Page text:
If the concept of measuring value came into existence among the
Germanic peoples in connection with the wergeld and the tariffing of

The Origins of Money


compensations, can one suggest any channel by which it might have

passed to the valuing of commodities and its subsequent usefulness for
trade? One obvious possibility is through the laws providing, in varying
degrees, compensations for damage to the property of the household . Too
much, however, should not be made of this, for the proportionality is not
exact and in many cases the laws provide that the value of the object,
which is not specified and evidently left to be settled by arbitration , shall
be added to the specified compensation. Such laws must have been committed to writing at periods when buying and selling were already famiLiar ,
so that the amount of compensation cannot have determined the market
price. More likely channels, I would suggest , are brideprice, or
bridewealth as most anthropologists now prefer to call it, and commerce
in slaves. Both involve human beings, with whom the notion of wergeld
was strongly bound up. Both involve a Joss to one's household , and
though the marriage of one's daughter is somewhat different from the
getting rid of a superfluous slave they both invite a compensation , partly
honorific in the first case but likely to be directly based upon usefulness in
the second. Both are events that would have frequently occurred , so that
people .could easily arrive at a general notion of how much brides and
slaves should be worth.
How far bridewealth is an aspect of wergeld is a matter that has been
much discussed by scholars , largely in the context of African societies.
Radcliffe-Brown asserted uncompromisingly that it was. "The payment
of cattle for a wife is functionally parallel to the payment of cattle for a
man who has been intentionally or accidentally killed. In both cases the
payment is an 'indemnity' or payment of compensation to a group (family
or clan) that loses a member. " 59 Others have disagreed strongly, holding
that the amounts involved are too small to be compensations and pointing
out that the terminology of marriage payments is often different from that
of wergelds, as it is from that ordinary purchase or sale. 60 These arguments are not wholly convincing: one would expect the use of separate
terms, since such differentiations are a common feature of early linguistic
development-cf. , the apparently limited use of pernemi for selling slaves
which is cited below-and the sums involved would be affected by many
considerations , such as the relative status of the families and the ages and
personal qualities of the individuals directly concerned. In some cases the
connection is certain. Among the Yurok Indians of Upper California a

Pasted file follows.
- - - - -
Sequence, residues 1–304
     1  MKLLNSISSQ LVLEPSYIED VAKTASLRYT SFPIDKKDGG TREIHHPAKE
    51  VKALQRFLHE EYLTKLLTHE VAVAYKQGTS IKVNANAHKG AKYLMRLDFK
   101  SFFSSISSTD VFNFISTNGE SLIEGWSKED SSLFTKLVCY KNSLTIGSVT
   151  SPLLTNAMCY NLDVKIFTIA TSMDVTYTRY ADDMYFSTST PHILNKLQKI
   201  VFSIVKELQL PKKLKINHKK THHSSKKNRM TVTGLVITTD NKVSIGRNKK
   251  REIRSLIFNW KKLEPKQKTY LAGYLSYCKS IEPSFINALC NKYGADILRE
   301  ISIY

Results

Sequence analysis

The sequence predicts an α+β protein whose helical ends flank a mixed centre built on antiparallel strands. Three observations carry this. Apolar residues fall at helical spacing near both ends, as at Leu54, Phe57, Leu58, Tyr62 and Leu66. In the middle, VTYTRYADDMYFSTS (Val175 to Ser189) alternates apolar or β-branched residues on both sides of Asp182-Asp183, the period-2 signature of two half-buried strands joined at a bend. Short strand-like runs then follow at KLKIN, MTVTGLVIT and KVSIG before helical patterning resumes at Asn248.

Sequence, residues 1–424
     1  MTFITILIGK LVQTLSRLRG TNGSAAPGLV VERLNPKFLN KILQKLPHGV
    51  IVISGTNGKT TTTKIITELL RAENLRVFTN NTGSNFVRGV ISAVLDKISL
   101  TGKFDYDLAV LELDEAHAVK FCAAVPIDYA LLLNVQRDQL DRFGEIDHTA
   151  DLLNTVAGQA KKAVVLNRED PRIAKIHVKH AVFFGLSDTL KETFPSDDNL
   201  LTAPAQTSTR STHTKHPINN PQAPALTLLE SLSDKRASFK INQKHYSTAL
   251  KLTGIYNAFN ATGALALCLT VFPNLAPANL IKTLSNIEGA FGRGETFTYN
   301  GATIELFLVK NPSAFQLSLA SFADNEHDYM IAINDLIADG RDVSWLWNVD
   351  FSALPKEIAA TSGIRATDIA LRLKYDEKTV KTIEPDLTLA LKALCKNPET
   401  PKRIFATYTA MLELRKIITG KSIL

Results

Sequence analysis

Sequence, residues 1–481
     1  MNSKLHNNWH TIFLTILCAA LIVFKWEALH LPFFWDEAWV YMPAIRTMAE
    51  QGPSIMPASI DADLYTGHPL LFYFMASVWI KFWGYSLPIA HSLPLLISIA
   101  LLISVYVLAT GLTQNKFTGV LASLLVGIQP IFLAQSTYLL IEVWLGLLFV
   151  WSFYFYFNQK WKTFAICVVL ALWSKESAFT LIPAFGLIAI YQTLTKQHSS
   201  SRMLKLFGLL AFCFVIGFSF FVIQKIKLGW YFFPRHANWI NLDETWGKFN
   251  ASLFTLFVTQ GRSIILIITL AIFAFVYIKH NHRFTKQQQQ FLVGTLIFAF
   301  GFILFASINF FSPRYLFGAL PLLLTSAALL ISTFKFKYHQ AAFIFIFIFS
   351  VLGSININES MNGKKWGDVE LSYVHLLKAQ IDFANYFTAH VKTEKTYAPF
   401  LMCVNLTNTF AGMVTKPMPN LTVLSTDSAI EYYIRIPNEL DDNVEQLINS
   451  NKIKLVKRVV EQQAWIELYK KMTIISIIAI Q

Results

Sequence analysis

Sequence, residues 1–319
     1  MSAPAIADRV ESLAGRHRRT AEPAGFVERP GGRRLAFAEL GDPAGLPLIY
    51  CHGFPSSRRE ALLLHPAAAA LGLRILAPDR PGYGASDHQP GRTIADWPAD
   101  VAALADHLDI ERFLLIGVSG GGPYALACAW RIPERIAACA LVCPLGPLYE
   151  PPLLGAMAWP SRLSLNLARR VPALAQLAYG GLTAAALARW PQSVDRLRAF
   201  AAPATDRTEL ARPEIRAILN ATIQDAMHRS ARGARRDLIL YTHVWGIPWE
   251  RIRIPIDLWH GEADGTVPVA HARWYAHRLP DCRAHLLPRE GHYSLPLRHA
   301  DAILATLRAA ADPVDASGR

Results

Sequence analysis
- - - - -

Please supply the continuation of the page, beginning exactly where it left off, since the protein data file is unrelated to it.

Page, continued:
man's wergeld was determined by bridewealth , being identical with the
figure his father paid for his mother, so that bastards found themselves in
the unhappy situation of having no wergeld at all. 61 But one can freely
admit that the way in which the institution was viewed , and the economic
element in it, are likely to have varied greatly from one society to another,
and that when the transaction took place in the context of gift-exchange



no precise notion of value, which is what we are concerned with here, is

likely to emerge. Among the early German$, however, at least by the date
at which their laws came to be written down in Latin, the element of
purchase is clear. The Lex Spxonum lays down that "he who wishes to
take a wife shall pay her parents 300 shilLings,' ' 62 a sum too large to be
considered a merely symbolic payment, and it an~ other Germanic codes
speak quite bluntly of uxorem emere and, pretium uxoris. 63
The other possible channel is slavery, both within the Germanic world
and outside. Slaves of Germanic origin were greatly sought after in the
Roman Empire,64 and Roman slave dealers must have been familiar figures beyond the Rhine and Danube. Among the Germans themselves
slavery was a long-standing institution, even if the immense extent of it,
as revealed by the codes, may date in part from the period of the Great
Migrations. 65 AU the laws provide penalties for Qffenses concerning
slaves, who are broken down into categories of status or function,bondmaids of the second class, grinding slaves, slave carpenters or
blacksmiths-while Frisian slave dealer.s probably played the same role in
early Anglo-Saxon society as do Phoenicians in that of the Odyssey. 66
Slavery was the only alternative to death for prisoners taken in war, and
the ransoming of slaves as well as the trade in slaves would have accustomed men to the idea of price.
The evidence of language is once again revealing. The element -monger